#1: Leia and/or her agents (such as Lor San Tekka) whisked Rey away into hiding from her brother and Snoke. Whatever happened to cause the rift in the Skywalker family and thrust Kylo Ren into the arms of the Dark Side would’ve left ripples. With one child lost to Snoke, Leia may have taken a page from her son’s namesake and hidden her daughter in the Outer Rim to keep her safe. In this scenario, Chewbacca was in on the plan, but not Han. This would explain Han’s exasperation that the Millennium Falcon had been on Jakku and his admonishment that Chewie should’ve agreed to explore the Western Reaches more thoroughly. Perhaps Chewie even assisted in having the Falcon “stolen” and left in the care of Rey’s guardian. But why not tell Rey the truth? Shame and fear. Would you want to tell your daughter you left her alone for decades and never told her father she lived?

#2: Luke and/or his agents (such as Lor San Tekka) whisked Rey away into hiding from her brother and Snoke in the immediate aftermath of Kylo Ren’s betrayal. If Rey’s visions were indeed memories, she may have been the only padawan Luke was able to save from the slaughter. In this version, Rey was left on a desert planet in the Outer Rim because that was how Luke was raised and he knew it’d be safe. Han and Leia believe their daughter to be dead at the hands of their son. This would explain Han’s wistful expression upon hearing her name and his desire to give Rey a job. It would also explain the lack of emotional reaction from Leia and Han upon seeing her again. It would also leave the job of getting the Falcon into Unbar Plutt’s hands to Luke (and perhaps Lando).

#3: Kylo Ren whisked Rey away into hiding from Snoke in the immediate aftermath of his slaughter of Luke’s other pupils. The very last vision Rey has before it melts into her abandonment on Jakku is of Kylo Ren stalking towards her in the rain. But what if instead of menace, it was with a moment of brotherly affection? Even in the present, Leia is convinced there is good in her son. In this scenario, Ren truly does know that Snoke will destroy him once he has outlived his usefulness. Hoping to spare his sister the same fate, he fakes her death and takes her to a remote planet where Snoke will never know she still lives. That would explain Kylo Ren’s extreme agitation upon finding out a girl helped Finn and BB-8 escape the planet and maybe even give an explanation for his weird “Don’t be afraid, I feel it too,” line as he tries to extract the map from Rey’s mind. This may also be the only scenario in which Kylo Ren could actually get a redemption arc in the wake of killing Han Solo.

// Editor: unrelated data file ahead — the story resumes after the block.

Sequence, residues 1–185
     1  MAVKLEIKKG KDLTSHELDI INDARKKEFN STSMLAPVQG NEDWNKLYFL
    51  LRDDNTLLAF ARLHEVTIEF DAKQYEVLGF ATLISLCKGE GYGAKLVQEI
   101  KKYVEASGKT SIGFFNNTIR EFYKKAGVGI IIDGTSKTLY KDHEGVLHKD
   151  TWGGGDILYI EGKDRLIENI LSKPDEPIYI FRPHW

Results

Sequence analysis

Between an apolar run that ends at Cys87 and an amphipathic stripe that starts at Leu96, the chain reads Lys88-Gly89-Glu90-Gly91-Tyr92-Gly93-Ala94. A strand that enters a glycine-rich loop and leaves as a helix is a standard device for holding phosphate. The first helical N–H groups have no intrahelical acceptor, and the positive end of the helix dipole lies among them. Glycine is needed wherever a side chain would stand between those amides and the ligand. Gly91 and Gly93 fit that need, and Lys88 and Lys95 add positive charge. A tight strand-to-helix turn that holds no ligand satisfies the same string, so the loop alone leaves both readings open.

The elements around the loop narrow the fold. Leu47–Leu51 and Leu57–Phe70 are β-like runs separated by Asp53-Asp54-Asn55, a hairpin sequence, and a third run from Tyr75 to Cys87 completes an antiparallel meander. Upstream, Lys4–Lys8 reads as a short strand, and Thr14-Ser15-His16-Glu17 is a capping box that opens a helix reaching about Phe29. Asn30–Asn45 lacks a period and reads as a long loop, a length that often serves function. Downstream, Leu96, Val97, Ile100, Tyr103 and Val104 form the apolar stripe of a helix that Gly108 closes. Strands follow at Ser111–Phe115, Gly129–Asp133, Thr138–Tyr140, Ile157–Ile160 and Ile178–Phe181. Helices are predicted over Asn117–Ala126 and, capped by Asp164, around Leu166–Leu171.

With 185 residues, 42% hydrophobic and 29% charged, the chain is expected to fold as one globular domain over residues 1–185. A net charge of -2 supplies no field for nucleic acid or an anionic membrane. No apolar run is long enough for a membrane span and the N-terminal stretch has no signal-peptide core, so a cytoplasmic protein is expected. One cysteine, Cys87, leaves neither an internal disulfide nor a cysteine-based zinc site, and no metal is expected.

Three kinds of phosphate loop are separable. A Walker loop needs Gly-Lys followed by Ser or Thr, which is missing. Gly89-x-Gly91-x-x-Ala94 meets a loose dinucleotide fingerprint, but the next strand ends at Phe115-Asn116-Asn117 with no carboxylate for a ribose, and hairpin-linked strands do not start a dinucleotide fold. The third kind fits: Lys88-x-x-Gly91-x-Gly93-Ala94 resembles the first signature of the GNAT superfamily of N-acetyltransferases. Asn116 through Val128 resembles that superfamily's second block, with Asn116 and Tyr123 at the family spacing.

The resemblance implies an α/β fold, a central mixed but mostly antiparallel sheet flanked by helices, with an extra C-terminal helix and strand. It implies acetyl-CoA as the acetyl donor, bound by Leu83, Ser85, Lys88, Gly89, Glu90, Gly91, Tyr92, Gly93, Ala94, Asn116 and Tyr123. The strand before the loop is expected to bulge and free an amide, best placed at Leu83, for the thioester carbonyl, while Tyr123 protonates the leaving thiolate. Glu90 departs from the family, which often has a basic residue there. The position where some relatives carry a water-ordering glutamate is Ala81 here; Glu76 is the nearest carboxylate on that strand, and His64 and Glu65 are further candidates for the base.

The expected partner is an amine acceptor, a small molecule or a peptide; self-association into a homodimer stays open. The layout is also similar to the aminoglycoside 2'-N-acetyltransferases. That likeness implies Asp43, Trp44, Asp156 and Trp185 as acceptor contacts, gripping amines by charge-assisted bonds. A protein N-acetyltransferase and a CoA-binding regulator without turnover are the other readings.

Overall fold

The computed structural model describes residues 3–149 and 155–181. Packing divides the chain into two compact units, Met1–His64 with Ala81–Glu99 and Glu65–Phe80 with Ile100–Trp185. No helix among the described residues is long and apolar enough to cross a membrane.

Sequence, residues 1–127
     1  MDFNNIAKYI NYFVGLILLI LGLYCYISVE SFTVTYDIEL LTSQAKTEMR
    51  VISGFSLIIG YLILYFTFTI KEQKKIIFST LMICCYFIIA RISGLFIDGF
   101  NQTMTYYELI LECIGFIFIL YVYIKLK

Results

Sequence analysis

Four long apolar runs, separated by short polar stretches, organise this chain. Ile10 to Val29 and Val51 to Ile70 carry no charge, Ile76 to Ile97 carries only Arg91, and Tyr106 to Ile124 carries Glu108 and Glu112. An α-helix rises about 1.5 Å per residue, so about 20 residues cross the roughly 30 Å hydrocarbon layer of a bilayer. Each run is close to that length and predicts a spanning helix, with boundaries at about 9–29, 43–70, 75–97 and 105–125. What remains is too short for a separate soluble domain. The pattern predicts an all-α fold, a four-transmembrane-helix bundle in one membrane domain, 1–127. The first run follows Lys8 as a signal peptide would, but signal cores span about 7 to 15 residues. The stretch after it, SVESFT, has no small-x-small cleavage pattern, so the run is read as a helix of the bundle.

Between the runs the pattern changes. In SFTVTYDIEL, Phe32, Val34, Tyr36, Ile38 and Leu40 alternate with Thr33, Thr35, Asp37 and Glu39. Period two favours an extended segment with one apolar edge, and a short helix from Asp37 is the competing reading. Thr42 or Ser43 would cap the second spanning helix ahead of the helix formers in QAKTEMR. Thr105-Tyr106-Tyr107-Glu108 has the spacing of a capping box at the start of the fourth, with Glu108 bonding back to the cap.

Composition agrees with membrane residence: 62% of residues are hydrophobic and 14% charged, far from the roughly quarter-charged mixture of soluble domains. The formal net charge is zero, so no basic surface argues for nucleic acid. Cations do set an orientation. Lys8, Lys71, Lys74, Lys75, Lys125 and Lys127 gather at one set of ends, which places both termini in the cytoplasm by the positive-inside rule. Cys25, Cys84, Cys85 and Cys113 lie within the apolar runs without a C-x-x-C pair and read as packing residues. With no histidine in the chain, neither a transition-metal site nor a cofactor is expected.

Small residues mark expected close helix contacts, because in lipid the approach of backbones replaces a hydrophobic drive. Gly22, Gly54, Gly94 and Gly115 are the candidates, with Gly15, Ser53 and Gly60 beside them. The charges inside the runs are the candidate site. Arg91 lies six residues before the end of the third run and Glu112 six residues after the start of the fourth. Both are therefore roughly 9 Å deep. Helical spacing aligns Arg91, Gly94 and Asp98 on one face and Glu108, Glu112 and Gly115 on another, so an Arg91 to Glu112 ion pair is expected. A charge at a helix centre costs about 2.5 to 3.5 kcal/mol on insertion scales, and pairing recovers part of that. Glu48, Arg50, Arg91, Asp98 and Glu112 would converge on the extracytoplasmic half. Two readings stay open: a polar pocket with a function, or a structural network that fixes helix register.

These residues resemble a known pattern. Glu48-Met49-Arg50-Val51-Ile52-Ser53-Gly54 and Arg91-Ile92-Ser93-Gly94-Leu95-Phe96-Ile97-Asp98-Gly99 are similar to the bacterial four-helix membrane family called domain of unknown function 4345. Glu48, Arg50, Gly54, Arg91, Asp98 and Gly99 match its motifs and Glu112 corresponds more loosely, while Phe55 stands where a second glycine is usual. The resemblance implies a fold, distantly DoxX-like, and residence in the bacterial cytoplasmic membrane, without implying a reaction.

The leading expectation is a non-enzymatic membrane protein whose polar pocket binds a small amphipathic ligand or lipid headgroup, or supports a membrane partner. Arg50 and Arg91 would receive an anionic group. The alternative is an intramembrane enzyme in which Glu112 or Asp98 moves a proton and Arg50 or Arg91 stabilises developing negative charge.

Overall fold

Of course, all of this hinges on Rey being the daughter of both Leia AND Han. If she is merely Leia’s daughter, that throws a wrench into the whole thing and could explain how everything began to unravel. What if Leia had married for political gain — and had to send away her lover and son as part of the arrangement? After all, Leia does lament she never should’ve sent Ben away because that was when she lost both him and Han. 

Or maybe Rey is the daughter of Luke Skywalker and the movie version of Mara Jade after all. We’ll find out in two years!

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Mom. Wife. Geek. Gamer. Feminist. Writer. Sarcastic. Succinct. Donna has been writing snark for the Internet in one form or another for almost a decade. She has a lot of opinions, mostly on science-fiction, fantasy, feminism, and Sailor Moon. Follow her on Twitter (@MildlyAmused) for more of all these things.